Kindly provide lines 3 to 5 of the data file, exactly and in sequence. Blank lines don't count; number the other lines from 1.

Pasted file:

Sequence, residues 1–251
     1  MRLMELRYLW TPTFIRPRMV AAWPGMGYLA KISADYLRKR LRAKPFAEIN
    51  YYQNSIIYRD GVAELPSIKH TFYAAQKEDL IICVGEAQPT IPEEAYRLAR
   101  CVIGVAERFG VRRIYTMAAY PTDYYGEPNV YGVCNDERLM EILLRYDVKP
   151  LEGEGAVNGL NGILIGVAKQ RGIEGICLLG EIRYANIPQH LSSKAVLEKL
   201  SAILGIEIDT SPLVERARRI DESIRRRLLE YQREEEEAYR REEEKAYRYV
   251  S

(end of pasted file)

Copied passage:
    51  YYQNSIIYRD GVAELPSIKH TFYAAQKEDL IICVGEAQPT IPEEAYRLAR
   101  CVIGVAERFG VRRIYTMAAY PTDYYGEPNV YGVCNDERLM EILLRYDVKP
   151  LEGEGAVNGL NGILIGVAKQ RGIEGICLLG EIRYANIPQH LSSKAVLEKL